Mandatory standard for flame retardants in mattresses causes panic in market

Expert says such as a standard should not become universal because the chemicals used can cause cancer.

bedroom 521 (photo credit: Uriel Messa)
bedroom 521
(photo credit: Uriel Messa)
The Health Ministry opposes the government’s plans to turn an optional standard for fire retardants in mattresses to become mandatory.
Prof. Itamar Grotto, the head of public health, said that such a standard, optional in Europe, should not become universal because the chemicals used “can cause cancer.”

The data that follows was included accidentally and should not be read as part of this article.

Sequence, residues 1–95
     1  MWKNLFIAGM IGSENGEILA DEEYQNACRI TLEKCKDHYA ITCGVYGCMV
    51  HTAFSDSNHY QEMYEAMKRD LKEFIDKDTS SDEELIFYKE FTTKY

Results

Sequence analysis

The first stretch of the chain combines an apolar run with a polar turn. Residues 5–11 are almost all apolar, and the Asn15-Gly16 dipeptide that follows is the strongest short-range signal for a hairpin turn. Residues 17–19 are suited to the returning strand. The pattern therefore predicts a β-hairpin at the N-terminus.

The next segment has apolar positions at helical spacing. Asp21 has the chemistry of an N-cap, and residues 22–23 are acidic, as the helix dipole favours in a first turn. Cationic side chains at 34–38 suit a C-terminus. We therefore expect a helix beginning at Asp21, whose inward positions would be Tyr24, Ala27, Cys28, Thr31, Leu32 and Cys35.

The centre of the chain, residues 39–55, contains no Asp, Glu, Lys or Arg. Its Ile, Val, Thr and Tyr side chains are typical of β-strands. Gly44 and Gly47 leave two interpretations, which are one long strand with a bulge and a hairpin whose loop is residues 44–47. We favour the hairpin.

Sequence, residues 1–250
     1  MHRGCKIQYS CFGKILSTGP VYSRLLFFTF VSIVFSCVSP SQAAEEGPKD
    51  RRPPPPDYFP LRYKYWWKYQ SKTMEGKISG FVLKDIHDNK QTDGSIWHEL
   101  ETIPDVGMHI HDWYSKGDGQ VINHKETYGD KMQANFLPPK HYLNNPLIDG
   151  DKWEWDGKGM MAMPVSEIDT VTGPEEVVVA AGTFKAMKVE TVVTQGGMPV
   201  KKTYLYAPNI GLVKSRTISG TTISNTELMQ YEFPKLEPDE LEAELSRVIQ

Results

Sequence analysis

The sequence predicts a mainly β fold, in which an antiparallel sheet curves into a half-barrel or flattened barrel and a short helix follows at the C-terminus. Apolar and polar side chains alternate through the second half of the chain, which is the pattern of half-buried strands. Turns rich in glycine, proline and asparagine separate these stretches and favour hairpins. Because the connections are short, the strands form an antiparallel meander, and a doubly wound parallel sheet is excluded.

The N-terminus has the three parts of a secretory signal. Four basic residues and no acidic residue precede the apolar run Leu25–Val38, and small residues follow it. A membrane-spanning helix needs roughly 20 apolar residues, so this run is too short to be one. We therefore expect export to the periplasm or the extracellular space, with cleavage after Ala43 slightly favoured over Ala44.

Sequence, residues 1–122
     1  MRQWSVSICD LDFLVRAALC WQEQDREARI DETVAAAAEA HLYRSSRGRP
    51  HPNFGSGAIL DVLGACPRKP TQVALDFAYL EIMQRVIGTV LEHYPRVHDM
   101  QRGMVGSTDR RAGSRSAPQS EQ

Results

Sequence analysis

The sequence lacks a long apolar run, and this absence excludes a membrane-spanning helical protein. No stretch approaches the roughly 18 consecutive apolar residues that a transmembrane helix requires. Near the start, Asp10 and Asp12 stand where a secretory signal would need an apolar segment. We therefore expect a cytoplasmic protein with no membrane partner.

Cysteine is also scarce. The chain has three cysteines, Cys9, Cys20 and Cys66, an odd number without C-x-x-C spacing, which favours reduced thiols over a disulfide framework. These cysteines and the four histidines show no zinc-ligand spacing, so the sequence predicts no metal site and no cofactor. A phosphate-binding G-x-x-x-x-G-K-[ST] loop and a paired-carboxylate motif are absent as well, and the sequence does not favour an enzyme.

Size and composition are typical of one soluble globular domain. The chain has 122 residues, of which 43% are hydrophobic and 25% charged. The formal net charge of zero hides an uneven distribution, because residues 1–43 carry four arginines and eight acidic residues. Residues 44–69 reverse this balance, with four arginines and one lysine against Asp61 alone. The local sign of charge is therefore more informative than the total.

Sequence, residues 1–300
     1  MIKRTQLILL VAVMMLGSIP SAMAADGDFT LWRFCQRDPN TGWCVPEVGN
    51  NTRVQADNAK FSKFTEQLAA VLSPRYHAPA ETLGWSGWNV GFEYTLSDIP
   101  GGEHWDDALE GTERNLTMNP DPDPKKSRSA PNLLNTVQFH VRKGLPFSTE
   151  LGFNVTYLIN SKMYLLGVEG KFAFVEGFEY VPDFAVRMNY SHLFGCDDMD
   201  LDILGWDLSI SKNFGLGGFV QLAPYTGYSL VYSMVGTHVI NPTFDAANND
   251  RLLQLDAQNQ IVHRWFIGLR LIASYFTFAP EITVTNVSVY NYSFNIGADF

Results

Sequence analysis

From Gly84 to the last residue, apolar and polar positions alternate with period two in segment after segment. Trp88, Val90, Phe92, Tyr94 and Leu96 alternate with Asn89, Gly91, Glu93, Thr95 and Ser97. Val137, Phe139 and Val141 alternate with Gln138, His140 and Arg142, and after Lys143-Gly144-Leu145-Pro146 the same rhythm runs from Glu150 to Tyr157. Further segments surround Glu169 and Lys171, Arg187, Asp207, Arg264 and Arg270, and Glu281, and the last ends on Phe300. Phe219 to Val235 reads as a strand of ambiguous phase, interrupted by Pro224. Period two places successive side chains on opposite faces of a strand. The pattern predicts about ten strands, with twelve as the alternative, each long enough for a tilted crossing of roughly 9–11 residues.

The story, which was published on a two-page center spread in the Yediot Aharonot daily on Monday, caused panic among retailers of mattresses and people planning to buy new ones.
Grotto said his office has quietly opposed plans for a mandatory standard in meetings of standards committees.
He did not explain what it would do if all new mattresses sold were required to use the chemicals to prevent fires in bedrooms.
Sleeping on the floor wouldn’t be helpful either, he told The Jerusalem Post on Monday, because “the gases will circulate around the room anyway.”
If the standard does not become a requirement, Grotto continued, “it is safe to say that most mattresses will not be sold with flame retardants because the manufacturers and importers will have no interest in introducing the chemicals.”
The Firefighting and Rescue Authority, which proposed a mandatory standard, said the Health Ministry is “invited to define its demands for flame retardants that don’t endanger health.”